A true tale of railroading literally on the edge: Trains’ Peru tour, part 7, the end

Posted by Jim Wrinn
on Friday, October 06, 2017

CUSCO, Peru -- The engine revs up and with a lurch the aircraft begins racing forward down the runway at 11,000 feet above sea level. My heart races a little knowing that an A319 only has so much linear footage at this altitude to become airborne or spatter itself on the side of the Andes. Instead of fretting about high altitude departures, though, my thoughts instead turn to Peru, its railroads, and their people who have welcomed the Trains tour group and me for the last 11 days. What a ruggedly beautiful country, and what spectacular railroading. Sadly what takes place here is mostly out of sight due to its location far from U.S. and European eyes, save for a few intrepid travelers and photographers who come in search of amazing scenery; indefatigable North American Alcos, GEs, and odd-ball EMDs; and sheer railroading audacity. I came not really having expectations that needed to be met. After a lifetime studying the business,

I know mountain railroading from Crawford Notch, N.H., to Donner Pass in California, and most places in between. But I was still unprepared for the likes of this place with tracks placed as high as 15,000 feet. It must be illegal or at least immoral to build a railroad into the mountains without switchbacks or loops. And every time you think the train has come to the end of a box canyon, you realize that construction engineers (most of them British, we believe; note the neatly groomed, well defined right of ways in most locations) figured out some way to escape to higher ground, whether by zig zags, as they prefer to call switchbacks, a tunnel or two or several, a high bridge, or any number of solutions that would tire those who layout railroads. It is as if David Moffat’s Denver & Salt Lake up and over the Rockies was transported 4,000 miles to the south, where fortunately the nearby equator prevents a snow disaster here like the one that plagued the Moffat Road west of Denver.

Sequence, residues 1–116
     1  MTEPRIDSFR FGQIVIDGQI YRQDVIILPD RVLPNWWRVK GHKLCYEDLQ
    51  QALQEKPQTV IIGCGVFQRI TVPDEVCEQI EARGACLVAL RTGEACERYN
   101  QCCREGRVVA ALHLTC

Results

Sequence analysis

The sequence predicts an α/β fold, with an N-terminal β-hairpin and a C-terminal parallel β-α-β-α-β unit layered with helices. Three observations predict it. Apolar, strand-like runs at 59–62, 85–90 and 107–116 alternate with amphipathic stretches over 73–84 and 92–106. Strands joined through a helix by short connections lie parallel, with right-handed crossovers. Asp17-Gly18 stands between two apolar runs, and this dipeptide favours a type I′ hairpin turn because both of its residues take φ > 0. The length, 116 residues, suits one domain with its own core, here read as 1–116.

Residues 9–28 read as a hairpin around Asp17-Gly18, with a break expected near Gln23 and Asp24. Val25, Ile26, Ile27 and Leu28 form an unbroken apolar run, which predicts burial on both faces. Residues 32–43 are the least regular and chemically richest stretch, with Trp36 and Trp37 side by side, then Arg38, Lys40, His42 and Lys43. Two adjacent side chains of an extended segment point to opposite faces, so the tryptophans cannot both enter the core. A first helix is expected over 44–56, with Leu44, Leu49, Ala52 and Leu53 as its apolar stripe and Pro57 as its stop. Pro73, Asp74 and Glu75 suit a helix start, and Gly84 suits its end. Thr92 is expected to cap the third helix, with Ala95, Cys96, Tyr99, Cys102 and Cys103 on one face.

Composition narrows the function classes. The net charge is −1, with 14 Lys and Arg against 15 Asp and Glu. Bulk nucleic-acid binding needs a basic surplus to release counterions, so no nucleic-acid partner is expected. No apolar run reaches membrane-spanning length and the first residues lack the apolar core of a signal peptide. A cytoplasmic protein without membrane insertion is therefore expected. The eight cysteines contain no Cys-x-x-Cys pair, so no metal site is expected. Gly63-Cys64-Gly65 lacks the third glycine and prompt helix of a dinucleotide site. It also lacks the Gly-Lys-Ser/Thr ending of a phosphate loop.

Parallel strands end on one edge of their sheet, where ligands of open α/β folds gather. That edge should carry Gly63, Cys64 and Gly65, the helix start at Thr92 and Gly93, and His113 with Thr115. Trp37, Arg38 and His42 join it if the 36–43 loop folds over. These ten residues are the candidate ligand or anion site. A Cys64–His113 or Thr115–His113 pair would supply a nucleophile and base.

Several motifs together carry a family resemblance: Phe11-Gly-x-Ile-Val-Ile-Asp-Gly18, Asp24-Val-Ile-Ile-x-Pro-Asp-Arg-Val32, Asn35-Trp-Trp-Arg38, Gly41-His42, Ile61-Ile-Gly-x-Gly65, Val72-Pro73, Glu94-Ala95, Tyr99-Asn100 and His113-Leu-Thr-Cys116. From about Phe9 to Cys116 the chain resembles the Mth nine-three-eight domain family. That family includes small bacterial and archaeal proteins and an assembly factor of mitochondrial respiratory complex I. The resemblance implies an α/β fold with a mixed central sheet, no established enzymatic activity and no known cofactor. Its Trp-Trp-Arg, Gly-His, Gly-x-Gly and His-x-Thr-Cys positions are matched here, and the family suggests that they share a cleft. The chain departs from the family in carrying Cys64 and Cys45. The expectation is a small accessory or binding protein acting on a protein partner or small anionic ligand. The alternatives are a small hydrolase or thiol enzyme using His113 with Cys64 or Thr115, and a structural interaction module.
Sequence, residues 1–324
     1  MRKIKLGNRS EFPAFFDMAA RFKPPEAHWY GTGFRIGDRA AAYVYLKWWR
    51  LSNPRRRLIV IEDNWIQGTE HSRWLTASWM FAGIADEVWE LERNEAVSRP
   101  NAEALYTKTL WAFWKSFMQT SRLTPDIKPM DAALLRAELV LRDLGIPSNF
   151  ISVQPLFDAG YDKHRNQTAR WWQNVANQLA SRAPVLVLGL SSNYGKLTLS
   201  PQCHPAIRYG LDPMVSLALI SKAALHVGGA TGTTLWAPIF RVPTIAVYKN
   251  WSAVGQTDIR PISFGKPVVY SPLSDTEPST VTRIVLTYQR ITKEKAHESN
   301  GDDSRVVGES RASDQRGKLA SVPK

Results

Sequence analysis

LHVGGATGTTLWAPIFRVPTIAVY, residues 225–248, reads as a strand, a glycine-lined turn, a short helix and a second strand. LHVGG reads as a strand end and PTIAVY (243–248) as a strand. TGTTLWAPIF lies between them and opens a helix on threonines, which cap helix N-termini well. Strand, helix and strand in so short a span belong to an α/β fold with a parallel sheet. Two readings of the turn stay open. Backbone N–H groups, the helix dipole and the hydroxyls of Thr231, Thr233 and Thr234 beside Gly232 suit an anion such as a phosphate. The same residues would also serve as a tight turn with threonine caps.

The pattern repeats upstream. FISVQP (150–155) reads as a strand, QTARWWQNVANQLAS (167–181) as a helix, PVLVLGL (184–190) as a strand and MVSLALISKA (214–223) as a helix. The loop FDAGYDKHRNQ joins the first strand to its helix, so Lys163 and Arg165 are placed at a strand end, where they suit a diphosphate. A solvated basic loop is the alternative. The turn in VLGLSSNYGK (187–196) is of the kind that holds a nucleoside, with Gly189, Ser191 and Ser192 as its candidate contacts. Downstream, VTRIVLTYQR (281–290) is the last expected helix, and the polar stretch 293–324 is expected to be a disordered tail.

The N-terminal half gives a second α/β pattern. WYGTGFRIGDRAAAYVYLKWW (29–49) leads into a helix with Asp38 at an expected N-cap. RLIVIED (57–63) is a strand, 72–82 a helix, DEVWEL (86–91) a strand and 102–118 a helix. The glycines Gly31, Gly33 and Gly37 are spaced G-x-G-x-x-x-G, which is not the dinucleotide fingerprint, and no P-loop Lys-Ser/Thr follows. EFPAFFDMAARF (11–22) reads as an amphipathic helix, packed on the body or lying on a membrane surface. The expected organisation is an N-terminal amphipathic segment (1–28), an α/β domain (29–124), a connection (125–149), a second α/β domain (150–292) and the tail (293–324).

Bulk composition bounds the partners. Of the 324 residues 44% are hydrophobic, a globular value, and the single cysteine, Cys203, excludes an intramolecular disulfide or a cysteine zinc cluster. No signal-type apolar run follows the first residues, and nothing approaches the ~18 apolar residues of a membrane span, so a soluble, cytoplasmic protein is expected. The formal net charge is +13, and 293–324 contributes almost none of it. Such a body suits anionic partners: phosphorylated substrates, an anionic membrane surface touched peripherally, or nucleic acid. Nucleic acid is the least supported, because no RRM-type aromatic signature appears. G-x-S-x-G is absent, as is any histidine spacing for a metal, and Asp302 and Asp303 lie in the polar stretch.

As most railroaders know getting up the grade is a one kind of feat. Getting down the grade is even more important. On railroads like this it is a lifesaving technique that is shared among fearless railroaders who have four tools at their disposal: Air brakes, straight air (basically an extension of the independent brake running through the train; notice the twin brake pipes and air hose connections between cars), dynamics, and as a last resort, hand brakes. On the FCCA, life is indeed like a mountain railroad. Grades of up to 4.7 percent dictate what goes up and what goes down.

This has been and is a land of intense mineral exploitation (copper, gold, silver, to name a few), and where there are minerals, there are railroads. That has always been a fact, it remains one, and will likely always be. Minerals are big bulky stuff that is idea for railroads. Some of what once was slumbers in anticipation of changing world market conditions (the giant, quietly simmering smelter we traveled through last week in LaOroya would make a fine model, but then again, so would the entire FCCA out of Lima to the east), and some continues in operation, such as the line to Cerro de Pasco, whose nickname, “the city that is consuming itself,” as the open pit mine grows and expands, is no joke. The zinc ingots we saw heading to port at Lima once again prove that minerals are the bedrock traffic here.